When I was 14, I was diagnosed with depression. I had spent the entire school year feeling empty, like each day was a hopeless endeavor in a life that wasn't worth living. When I wasn't in school or at play practice, I was sleeping. Previously an honor student, I struggled to maintain Bs and Cs. I frequently contemplated suicide, envisioning the scenarios in which I could take my life while inflicting the least amount of trauma on my family.
It wasn't situational; I had absolutely no reason to feel that way. I had a loving family, plenty of friends, and came from a privileged upper-middle class background. I didn't understand why I couldn't just be happy or at least maintain some semblance of normal, which compounded my feelings of guilt and shame.
I told only a couple of friends what I was really going through because I was afraid people would think I was "crazy."
I was lucky to have such supportive parents who believed me and sought treatment for me at a young age, but when I was diagnosed, I wasn't really sure what depression was. Sure, I had seen the Zoloft commercials with the sad little rock under a rain cloud, but I didn't understand how the psychotropic medication I had been prescribed was helping my brain. I saw a psychologist a few times a month, but how was that hour we spent talking in therapy going to help me in the long run?
I told only a couple of friends what I was really going through because I was afraid people would think I was "crazy." Mental illness wasn't something we covered in school, and celebrities and high-profile people didn't openly discuss mental health. The only access I had to the internet was through a slow dial-up connection (it was the early 2000s, after all). Social media as we know it didn't exist yet, so I didn't have anyone in my peer group to reach out to. I felt so isolated; I thought I was the only high school freshman who had ever felt this way. Even in my mid-20s, when my bipolar II diagnosis explained my roller-coaster bouts of severe depression and hypomania mixed with anxiety, I still wasn't sure what that meant for my future and the career I had worked so hard to build.
Now, more than 16 years after my initial diagnosis, brave celebrities are igniting the conversation about mental health and paving the way for others to share their stories. Michael Phelps has been open about how therapy has impacted his life, and other athletes are using their high-profile status to shatter the stereotype that mental illness is a sign of weakness. Former Disney star and recording artist Ashley Tisdale is set to release a whole album influenced by her experience with depression and anxiety. YouTuber Jouelzy, who founded #SmartBrownGirl, is encouraging Black women to talk about mental health.
But we still have a long way to go. Depression and anxiety have become more mainstream, but many people still don't understand what it's like to live the nuances of everyday life with these disorders: how it affects your ability to parent, what a panic attack actually feels like, and what it's like to meet strangers on the dating scene.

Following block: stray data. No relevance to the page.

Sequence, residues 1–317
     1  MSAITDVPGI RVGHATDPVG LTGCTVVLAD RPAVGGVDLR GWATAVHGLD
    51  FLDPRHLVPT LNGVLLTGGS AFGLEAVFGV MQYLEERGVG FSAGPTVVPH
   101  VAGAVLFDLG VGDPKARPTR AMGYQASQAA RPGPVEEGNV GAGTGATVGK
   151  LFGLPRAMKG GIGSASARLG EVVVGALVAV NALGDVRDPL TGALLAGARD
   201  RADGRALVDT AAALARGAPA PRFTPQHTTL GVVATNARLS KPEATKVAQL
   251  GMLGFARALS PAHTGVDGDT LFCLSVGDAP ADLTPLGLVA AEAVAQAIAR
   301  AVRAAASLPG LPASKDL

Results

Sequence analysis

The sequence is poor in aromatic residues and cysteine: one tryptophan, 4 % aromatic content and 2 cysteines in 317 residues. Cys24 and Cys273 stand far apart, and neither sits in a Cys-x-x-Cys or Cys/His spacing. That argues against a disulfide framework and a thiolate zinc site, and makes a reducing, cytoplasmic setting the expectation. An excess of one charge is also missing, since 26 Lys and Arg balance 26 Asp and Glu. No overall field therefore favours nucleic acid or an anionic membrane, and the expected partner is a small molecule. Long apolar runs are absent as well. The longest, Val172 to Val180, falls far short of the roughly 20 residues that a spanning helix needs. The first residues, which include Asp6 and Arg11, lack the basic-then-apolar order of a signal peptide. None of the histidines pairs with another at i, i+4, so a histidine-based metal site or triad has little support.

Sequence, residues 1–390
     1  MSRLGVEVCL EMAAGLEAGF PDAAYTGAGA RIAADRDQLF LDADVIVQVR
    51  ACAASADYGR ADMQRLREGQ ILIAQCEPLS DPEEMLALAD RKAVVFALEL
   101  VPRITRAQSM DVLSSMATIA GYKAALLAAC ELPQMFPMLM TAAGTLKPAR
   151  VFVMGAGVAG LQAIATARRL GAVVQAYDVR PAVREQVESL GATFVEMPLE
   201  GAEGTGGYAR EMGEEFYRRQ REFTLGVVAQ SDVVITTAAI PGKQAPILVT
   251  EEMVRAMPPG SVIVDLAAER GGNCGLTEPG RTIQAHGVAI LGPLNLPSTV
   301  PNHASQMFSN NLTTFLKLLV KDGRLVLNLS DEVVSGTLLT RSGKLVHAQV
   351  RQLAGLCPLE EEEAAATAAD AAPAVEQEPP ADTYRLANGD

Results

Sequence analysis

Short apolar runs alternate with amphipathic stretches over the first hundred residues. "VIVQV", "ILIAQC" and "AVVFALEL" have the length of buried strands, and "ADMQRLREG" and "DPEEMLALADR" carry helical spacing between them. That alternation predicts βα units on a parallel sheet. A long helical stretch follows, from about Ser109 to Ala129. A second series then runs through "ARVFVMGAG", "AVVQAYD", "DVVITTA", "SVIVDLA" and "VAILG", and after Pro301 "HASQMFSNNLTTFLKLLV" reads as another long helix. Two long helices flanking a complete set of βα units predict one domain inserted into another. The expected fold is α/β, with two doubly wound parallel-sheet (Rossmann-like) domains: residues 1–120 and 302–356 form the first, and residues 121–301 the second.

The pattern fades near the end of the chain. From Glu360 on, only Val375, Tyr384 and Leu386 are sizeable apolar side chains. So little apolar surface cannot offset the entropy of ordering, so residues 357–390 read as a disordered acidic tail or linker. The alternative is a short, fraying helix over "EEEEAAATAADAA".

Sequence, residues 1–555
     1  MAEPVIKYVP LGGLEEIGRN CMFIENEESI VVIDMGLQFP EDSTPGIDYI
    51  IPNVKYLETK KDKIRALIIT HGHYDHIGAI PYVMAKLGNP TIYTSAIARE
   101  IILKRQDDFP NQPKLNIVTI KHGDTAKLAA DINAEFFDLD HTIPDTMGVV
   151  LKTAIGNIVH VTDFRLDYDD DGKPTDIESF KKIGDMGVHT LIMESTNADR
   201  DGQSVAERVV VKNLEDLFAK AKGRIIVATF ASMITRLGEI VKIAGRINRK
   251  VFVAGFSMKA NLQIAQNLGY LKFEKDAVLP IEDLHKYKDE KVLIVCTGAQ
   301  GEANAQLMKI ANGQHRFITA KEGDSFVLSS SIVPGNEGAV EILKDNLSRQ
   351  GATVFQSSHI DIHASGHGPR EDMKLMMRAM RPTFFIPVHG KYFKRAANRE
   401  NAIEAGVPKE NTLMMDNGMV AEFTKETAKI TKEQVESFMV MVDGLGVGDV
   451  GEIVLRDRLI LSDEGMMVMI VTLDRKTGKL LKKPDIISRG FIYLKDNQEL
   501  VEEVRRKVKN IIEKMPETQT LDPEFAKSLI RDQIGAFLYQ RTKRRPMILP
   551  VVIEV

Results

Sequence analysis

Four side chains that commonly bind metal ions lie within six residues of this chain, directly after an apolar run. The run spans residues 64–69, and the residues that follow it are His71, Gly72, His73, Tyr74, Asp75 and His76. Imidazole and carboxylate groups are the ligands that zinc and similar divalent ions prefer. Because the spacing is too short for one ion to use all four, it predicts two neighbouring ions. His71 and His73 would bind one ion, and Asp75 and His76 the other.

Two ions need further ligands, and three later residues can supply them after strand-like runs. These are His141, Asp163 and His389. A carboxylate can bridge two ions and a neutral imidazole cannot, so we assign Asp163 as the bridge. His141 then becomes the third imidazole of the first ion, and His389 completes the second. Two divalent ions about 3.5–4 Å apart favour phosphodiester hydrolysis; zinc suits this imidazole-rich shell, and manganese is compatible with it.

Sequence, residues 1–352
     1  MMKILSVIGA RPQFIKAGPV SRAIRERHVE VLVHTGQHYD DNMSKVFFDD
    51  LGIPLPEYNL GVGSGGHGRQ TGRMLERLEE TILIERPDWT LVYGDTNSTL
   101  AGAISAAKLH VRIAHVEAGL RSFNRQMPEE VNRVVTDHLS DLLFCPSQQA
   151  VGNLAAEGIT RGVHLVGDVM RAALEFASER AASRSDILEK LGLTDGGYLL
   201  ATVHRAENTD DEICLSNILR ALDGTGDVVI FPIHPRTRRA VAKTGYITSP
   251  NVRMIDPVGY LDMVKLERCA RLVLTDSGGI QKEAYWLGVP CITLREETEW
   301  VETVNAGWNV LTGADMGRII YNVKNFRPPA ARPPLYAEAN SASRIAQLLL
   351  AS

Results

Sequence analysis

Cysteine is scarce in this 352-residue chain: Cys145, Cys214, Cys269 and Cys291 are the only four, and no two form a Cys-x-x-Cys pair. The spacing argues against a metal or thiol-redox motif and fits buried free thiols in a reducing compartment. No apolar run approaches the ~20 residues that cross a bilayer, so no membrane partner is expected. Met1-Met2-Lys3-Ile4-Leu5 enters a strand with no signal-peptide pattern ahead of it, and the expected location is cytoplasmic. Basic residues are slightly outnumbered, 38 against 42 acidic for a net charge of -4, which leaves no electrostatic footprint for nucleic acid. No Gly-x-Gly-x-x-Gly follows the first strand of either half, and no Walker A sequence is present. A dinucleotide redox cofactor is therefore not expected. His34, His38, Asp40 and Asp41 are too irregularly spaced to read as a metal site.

Then there are the serious mental illnesses (SMI). Postpartum depression (PPD) is part of the lexicon, but postpartum psychosis remains a frightening and misunderstood condition. Schizophrenia is shrouded in outdated stereotypes reserved for Lifetime movies, and borderline personality disorder — not a serious mental illness, but debilitating nonetheless — is associated with vindictive ex-girlfriends and manipulative ex-boyfriends.
Odds are, you or someone you love has been affected by mental illness.
At POPSUGAR, we are committed to erasing the stigma surrounding mental illness. Women experience depression at roughly twice the rate of men, and anxiety is also more prevalent in women. For Mental Health Month this May, we have curated a mix of first-person essays, reported features, and interviews to shine a light on what it's like to live with a mental illness. Our goal with this project is for our audience, who is made up primarily of young women, to feel their experiences reflected back and realize they are not alone. Our staff and network of writers worked hard to collect and tell these stories in order to help the nearly 44 million Americans who have a mental illness feel less isolated. Please check back throughout the month as we continue to cover mental health and mental illness in 2019. We are using our platform to educate and inform, while also elevating the voices of those whose stories need to be heard.
I wish these stories were available to my confused 14-year-old self struggling to understand her illness. But as an adult woman who still copes with it today, I have found solace in the authenticity and candor — and hope you do, too. Odds are, you or someone you love has been affected by mental illness. Through this project, I hope you feel encouraged to reach out and seek help if you need it. Taking care of your mental health is just as important as taking care of your physical health. You are not alone. You matter — and your mental health matters.
If you are feeling anxious or depressed and need help finding help or resources, call the Anxiety and Depression Association of America (1-240-485-1001) or the National Alliance on Mental Illness (1-800-950-6264). You can also text "NAMI" to 741741 or email email@example.com
If you or a loved one are experiencing suicidal ideation or are at risk, the National Suicide Prevention Lifeline has several resources and a 24/7 lifeline at 1-800-273-8255